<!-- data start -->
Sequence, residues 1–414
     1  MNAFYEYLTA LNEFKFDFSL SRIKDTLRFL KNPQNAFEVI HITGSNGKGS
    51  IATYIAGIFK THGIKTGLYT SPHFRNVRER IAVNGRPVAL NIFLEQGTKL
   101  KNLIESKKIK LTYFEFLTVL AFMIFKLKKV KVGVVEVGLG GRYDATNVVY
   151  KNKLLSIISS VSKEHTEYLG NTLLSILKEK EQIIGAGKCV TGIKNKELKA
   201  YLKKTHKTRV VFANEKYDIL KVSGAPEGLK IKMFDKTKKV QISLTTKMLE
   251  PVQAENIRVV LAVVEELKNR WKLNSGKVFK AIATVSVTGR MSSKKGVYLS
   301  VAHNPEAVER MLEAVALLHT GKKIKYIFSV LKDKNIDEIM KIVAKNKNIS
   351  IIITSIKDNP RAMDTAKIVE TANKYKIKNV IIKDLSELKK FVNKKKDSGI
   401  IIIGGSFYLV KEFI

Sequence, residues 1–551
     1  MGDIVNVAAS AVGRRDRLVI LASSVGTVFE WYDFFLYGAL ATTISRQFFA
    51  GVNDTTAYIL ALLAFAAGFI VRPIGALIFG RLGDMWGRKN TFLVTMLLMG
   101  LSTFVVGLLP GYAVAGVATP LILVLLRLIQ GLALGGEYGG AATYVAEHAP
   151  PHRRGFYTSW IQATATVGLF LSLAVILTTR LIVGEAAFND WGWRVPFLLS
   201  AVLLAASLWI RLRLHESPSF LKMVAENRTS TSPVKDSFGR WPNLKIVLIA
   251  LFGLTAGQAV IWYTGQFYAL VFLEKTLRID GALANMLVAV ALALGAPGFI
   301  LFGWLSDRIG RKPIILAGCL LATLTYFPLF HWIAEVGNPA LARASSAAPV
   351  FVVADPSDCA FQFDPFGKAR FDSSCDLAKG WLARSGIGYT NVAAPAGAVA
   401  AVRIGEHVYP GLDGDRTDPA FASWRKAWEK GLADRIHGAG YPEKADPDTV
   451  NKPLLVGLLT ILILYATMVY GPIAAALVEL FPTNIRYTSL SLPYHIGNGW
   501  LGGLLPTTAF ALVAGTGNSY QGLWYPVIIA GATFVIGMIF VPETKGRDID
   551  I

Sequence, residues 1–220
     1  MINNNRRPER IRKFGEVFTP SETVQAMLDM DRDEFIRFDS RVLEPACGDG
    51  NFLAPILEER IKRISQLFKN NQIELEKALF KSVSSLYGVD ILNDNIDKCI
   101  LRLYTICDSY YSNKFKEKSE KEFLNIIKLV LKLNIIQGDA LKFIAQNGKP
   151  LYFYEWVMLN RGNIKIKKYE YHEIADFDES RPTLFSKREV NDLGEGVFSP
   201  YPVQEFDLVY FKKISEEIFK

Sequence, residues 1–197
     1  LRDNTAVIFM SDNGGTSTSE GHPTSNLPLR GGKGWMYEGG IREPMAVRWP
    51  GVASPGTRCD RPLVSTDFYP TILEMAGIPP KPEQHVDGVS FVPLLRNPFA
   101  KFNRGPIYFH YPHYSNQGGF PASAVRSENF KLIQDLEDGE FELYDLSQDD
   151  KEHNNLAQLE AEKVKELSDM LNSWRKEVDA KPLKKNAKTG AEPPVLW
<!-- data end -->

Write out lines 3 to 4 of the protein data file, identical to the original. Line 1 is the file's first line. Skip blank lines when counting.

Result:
    51  IATYIAGIFK THGIKTGLYT SPHFRNVRER IAVNGRPVAL NIFLEQGTKL
   101  KNLIESKKIK LTYFEFLTVL AFMIFKLKKV KVGVVEVGLG GRYDATNVVY